A reenactor portraying a Union soldier in the Murray's Brigade participates during ongoing activities commemorating the 150th anniversary of the Battle of Gettysburg, Thursday, June 27, 2013, at Bushey Farm in Gettysburg, Pa. Union forces turned away a Confederate advance in the pivotal battle of the Civil War fought July 1-3, 1863, which was also the war�s bloodiest conflict with more than 51,000 casualties. (AP Photo/Matt Rourke)
Why did Gen. Robert E. Lee order the ill-fated attack on Little Round Top during the Battle of Gettysburg?
Historians have long wrestled with that question, and now a geographer has come up with an answer, using sophisticated mapping software to re-create the battlefield exactly as Lee saw it.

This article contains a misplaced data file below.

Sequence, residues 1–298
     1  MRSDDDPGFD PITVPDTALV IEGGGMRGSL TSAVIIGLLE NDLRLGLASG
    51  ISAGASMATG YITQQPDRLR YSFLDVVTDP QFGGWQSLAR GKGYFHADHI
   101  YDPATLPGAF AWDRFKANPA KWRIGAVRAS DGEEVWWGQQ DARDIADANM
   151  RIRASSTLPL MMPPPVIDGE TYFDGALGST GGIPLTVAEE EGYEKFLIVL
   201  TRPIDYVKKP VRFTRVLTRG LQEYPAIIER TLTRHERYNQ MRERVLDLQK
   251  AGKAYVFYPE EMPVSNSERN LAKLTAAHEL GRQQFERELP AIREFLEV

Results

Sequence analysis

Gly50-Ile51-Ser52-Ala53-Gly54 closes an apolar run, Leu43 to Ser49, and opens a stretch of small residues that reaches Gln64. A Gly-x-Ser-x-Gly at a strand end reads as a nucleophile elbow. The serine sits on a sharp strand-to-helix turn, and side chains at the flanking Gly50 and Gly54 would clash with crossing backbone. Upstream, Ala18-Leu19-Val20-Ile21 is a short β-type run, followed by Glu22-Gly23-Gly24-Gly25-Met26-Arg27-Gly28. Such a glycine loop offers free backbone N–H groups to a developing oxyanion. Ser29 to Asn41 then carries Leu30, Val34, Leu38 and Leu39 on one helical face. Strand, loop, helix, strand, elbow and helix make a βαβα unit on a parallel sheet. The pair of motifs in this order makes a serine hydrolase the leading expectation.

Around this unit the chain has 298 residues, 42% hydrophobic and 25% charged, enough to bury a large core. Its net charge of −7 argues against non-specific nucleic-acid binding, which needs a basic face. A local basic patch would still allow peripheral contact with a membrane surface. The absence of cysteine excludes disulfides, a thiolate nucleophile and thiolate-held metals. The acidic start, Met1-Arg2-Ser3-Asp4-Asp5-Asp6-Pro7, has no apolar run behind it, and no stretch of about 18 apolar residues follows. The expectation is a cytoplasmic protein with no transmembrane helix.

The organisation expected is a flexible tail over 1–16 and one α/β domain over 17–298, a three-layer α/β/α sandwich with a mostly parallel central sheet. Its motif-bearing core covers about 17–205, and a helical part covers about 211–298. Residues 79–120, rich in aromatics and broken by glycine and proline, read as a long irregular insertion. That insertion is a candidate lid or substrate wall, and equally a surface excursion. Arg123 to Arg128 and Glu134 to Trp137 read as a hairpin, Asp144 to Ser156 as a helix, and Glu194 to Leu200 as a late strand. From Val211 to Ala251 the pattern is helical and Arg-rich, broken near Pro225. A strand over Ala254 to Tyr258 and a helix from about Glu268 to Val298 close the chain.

The explanation: Lee simply couldn't see many of the Union soldiers amid the hills and valleys. As a result, the Confederate general underestimated his enemy's troop strength.
That's the conclusion of Middlebury College professor Anne Knowles, who oversaw the development of the map for the Smithsonian Institution to mark Gettysburg's 150th anniversary next week.
The panoramic map went live on the Smithsonian website Friday.
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